He looked behind him. He squinted in astonishment, switched the weapon to stand-by, and studied her closely.

      Her hair was yellow as corn-silk, held on top within a web of silver wires set with pearls, but escaping on the sides to fall loose about her shoulders to her waist. Two long red ribbons dangled from the back of her pearly corona, and lifted in the breeze which stirred her hair into a fragrant cloud.

      Down to her feet white vesture flowed, shimmering like sea-mist, of some fabric he had never seen nor dreamed. Tight around her narrow waist she wore a wide embroidered belt of red; red slippers clasped slim feet.

      On her finger was a silver ring, whose stone gleamed with a point of light, burning like a star. It was not electric nor atomic nor any energy he could describe. He knew enough to know she came from places far beyond his knowing.

      Her face was fair; her eyes were grey-blue as a stormy sea; her lips were red as sweet roses. She watched him watching her, and softly smiled, as if pleased.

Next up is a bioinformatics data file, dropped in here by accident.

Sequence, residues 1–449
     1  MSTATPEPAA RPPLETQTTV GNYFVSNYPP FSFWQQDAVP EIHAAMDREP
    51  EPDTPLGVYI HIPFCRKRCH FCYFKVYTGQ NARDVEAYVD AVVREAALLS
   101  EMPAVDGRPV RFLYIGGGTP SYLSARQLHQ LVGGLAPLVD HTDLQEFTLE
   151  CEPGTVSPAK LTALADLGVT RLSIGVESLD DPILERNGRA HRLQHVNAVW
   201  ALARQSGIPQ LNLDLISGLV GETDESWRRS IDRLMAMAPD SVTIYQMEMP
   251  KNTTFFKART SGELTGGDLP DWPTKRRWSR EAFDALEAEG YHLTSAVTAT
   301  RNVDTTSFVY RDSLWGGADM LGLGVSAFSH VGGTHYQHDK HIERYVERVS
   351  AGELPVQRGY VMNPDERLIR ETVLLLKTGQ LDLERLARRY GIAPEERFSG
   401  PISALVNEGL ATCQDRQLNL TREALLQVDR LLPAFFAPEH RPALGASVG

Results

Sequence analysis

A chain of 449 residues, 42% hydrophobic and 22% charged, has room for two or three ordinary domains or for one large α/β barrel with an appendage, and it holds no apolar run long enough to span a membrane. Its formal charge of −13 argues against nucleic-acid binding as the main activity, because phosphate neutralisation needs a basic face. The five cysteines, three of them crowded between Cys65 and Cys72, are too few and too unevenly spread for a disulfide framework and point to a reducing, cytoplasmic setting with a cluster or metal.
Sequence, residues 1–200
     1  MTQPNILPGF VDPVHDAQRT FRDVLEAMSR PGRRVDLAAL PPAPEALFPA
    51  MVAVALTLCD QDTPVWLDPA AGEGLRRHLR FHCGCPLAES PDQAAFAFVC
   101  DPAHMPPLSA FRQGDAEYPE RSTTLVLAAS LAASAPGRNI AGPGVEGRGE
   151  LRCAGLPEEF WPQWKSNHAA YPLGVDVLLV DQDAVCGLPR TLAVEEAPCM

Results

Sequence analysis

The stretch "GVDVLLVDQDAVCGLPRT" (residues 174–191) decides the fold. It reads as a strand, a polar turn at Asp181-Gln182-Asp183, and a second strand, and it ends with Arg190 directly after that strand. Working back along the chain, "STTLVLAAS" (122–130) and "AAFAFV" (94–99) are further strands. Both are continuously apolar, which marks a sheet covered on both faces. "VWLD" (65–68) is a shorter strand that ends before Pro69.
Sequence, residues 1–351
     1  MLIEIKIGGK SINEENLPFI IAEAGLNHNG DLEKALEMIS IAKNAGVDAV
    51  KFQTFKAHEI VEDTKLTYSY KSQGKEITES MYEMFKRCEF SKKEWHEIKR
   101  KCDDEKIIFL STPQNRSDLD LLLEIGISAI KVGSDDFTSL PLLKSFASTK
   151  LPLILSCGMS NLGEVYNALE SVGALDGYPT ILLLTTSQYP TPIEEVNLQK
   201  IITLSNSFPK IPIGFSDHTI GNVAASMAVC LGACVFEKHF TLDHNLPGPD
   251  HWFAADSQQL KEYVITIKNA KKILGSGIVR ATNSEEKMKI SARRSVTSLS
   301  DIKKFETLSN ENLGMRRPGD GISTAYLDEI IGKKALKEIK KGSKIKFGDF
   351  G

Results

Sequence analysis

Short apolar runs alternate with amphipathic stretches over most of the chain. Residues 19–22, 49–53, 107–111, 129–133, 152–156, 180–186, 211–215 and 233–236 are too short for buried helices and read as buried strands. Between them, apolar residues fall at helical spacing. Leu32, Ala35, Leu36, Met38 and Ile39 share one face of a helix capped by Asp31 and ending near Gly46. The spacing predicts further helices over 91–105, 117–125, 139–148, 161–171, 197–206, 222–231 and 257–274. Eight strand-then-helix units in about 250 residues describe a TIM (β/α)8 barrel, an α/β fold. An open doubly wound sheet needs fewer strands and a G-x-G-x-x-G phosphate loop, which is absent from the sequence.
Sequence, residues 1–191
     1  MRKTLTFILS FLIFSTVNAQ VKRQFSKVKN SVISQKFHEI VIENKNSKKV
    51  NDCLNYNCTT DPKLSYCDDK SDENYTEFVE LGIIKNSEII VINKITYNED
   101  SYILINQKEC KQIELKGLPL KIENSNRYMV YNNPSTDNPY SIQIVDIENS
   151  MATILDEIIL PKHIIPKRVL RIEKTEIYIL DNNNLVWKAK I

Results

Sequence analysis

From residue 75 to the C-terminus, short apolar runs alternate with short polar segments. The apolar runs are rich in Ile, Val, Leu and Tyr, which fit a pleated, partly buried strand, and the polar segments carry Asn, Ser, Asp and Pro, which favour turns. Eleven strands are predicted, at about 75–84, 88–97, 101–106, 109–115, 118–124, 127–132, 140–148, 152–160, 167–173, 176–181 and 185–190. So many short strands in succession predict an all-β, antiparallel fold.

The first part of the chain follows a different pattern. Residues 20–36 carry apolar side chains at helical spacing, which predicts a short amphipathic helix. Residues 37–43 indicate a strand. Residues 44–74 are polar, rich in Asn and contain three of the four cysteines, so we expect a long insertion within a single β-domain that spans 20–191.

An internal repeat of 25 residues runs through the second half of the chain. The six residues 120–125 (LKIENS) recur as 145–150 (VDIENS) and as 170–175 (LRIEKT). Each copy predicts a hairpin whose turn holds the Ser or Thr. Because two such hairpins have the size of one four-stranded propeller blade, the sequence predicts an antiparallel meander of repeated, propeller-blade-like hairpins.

“There is rock wall behind you.” he said, “And no place to climb except up in front of me. You were not here before I came.”

      “Not before, but after.” she said, “Many ages hence, I shall stand within this place, and use the art we know to travel eons backward in a single step. I am a child of the future many centuries unborn. My name is Sigrune.” She smiled, for a moment, at the rock he had inscribed, as if pleased to see the inscription freshly cut.

      “Your accent is peculiar.”

      “I learned your speech from books, in my time, ancient, in yours, not yet composed.”

      He glanced at the medical apparatus on his shoulder. She laughed; a gay and lovely sound; and said, “No hallucinogen is in your blood. What you see before you is most real.”